When I’m in an archive, I feel like a kid in the candy store. I want to learn everything, explore everywhere and discover every single piece that might have been forgotten in the crush of the collection.

In my last archival position, I worked at Syracuse University’s Special Collections Research Center processing its enormous Forrest J Ackerman collection. More accurately, I processed part of the Forrest J Ackerman collection, as even just sorting through Forrest’s mail has been a continuous project for several years now. Forrest J Ackerman (who was an active science fiction literary agent for most of the 20th century) seemed to have kept everything he ever received in the mailbox, whether that was bills, catalogs or actual correspondence. Organizing Forrest’s mail was a like a game of Clue wrapped up in a treasure hunt: there was fan mail, there were letters from the authors he represented, there were responses from DAW or Simon & Schuster, and then suddenly something would pop up from Walt Disney or the Church of Scientology. Forrest seemed to be connected to everyone, and those connections are what I love so much about archives.

This is one of the reasons I was so eager to apply to the Anoka County Historical Society, as well as why I’m so excited to have been hired. Even from the brief time I’ve had, I can see there are connections everywhere — between artifacts, between places, between past and present, living and dead, between family, friends and neighbors. It is an amazing, overwhelming experience to see the tangible evidence of our history and our ties to one another. So many of these connections come together to build the shared history of Anoka County. They’re akin to the arches and supports of a giant cathedral, but instead building a structure, they build a community.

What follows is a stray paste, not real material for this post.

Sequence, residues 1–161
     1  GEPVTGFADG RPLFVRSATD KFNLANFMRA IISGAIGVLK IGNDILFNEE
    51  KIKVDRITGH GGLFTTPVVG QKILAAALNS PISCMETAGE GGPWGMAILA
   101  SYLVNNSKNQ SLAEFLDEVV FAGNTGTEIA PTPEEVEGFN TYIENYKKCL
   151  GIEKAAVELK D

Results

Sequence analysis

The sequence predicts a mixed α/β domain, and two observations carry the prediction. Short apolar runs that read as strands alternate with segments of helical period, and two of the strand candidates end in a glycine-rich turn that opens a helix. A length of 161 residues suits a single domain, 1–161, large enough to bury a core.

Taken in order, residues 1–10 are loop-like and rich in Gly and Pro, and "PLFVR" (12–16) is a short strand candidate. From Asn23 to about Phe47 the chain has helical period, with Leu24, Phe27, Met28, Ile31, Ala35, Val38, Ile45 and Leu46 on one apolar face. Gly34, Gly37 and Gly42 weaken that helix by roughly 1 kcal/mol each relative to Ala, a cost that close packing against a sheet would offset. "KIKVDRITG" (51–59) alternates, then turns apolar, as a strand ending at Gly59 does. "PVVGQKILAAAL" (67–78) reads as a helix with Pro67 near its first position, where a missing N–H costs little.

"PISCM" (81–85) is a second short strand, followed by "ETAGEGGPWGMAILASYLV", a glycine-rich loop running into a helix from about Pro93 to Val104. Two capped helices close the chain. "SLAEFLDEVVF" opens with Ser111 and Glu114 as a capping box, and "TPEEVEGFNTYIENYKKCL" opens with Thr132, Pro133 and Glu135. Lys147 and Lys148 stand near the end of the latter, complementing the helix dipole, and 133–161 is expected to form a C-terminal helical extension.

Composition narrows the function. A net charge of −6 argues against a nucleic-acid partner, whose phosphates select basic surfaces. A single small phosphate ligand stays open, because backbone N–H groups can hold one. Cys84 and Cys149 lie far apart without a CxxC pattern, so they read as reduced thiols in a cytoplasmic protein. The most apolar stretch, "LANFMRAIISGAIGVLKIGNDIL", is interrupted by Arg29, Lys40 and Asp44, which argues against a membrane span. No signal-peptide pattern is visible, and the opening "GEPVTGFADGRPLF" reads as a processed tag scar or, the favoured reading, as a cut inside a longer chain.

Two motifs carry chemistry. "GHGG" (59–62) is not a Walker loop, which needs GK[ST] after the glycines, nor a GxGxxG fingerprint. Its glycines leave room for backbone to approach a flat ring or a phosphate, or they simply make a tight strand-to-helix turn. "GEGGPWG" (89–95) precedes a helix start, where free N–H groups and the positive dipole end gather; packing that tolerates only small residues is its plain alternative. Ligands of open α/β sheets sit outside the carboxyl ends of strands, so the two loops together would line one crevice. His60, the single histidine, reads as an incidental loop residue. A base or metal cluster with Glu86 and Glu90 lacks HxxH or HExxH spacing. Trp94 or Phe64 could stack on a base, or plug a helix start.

Without my quite realizing it, much of my professional experience has been focused on community building: I’ve worked for a small publisher that printed local novels and histories, for a nonprofit that brought literacy and writing classes to all the schools in town, and for public libraries that pulled their neighborhoods together despite staggering odds. I have studied storytelling and what makes a common narrative powerful, as well as how vital it is that we protect and share the information that surrounds us every day. In the last few years, I’ve lived in South Dakota, Iowa, New York and now Minnesota. I’ve been far from family and made friends who live all over the country. However, I don’t think the true impact of connections has ever been clearer to me than in this year.

I will always remember 2020 as the year of COVID-19, worldwide protests and a presidential election. Despite all this, I will also always remember 2020 as the year I graduated with my master’s degree, moved halfway across the country, got married and was hired by ACHS. I don’t think it’s ever been more obvious than now that our history is being written all the time — and that it’s our personal stories and our connections as people that give major events real meaning. I’m honored to be able to help bring these stories to life in the community, whether they’re the ones that were forged a hundred years ago or those that are being lived today.

Erin McBrien is the archivist/curator for the Anoka County Historical Society.

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